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Portland Teachers Ask for Changes
Educators are stretched beyond capacity trying to fill the gaps

The Portland Association of Teachers, the Union represents more than 4500 professional educators in the Portland Public School system, met with district administration to bargain for what they say is "immediate and much needed workload relief that centers student safety and social-emotional needs, and that directs the District resources where they are needed the most, into the classroom and for wrap-around supports." PAT President is Elizabeth Thiel.

According to the union, "For a year and a half, the ongoing pandemic has disrupted our school system and our entire community. This year, students at every grade level need so much more from our public schools, both academically and in terms of social-emotional support. Additionally, we are seeing more students impacted by trauma and in need of intensive support than ever before.

"We are facing an historic staffing shortage, and hundreds of crucial positions in our schools remain unfilled. Educators are stretched beyond capacity trying to fill the gaps. For example, our counselors, social workers, and academic support teachers are frequently being assigned to cover classes, rather than providing specific supports for students that are so urgently needed.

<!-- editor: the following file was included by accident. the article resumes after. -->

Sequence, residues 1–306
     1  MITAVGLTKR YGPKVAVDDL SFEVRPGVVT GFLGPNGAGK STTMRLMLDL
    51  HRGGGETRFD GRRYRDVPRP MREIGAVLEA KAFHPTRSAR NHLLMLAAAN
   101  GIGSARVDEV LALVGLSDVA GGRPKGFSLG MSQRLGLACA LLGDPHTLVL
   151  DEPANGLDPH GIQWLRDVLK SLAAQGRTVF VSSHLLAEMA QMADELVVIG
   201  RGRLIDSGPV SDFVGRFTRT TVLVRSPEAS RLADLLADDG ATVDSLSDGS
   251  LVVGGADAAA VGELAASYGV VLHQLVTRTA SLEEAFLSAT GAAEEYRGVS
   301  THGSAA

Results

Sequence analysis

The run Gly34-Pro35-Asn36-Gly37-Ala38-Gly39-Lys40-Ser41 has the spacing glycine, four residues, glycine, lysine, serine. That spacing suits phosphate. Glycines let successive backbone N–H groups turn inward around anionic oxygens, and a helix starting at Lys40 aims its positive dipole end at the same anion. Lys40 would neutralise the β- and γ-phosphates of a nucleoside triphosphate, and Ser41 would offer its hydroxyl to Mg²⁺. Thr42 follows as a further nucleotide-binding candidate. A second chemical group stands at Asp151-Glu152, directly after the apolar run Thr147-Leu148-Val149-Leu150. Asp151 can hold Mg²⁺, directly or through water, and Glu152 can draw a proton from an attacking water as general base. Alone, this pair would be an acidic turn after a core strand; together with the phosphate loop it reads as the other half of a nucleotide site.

"Educators are working every day to connect with students from behind masks, to teach over the noise of air purifiers, to establish classroom climate that meets all students’ social and emotional learning needs, to adapt to the absence of students and colleagues who are out due to COVID, all while working to keep up with curricular goals."

The union wants to focus on what they say students and educators need most in this moment, which includes the following:

Students deserve classroom instruction that meets their current needs Students deserve all available PPS resources directly addressing their needs Students deserve schools that are safe, secure, and that focus on the whole child. According to a letter to members sent by the PAT Bargaining team, "we are looking to have all “non-essential” activities stop. That means fewer committee meetings, fewer staff meetings, suspending/postponing many educator-evaluations, and removing busy-work from PLC meetings.

A D V E R T I S E M E N T

A D V E R T I S E M E N T

Secondly, we are looking to restructure elements of the work week so that professional educators can focus on meeting student and family needs: at the Elementary and Middle School levels, we proposed a weekly early-release; for High Schools, we proposed converting 8-period “skinny days” to become days for Flex-time/office hours and asynchronous learning. We also proposed converting a few days to professional development days focused on school climate, and additional planning days so that professional educators can adapt curriculum to meet the needs of students.

Clearly, public schools -- including Portland Public Schools, the state's largest school district -- are in disarray.

The union is hopeful that these changes will be implemented immediately after winter break. Some of these proposed changes will surely cost money.


--Staff Reports

Post Date: 2021-11-30 18:12:26Last Update: 2021-12-01 13:51:06



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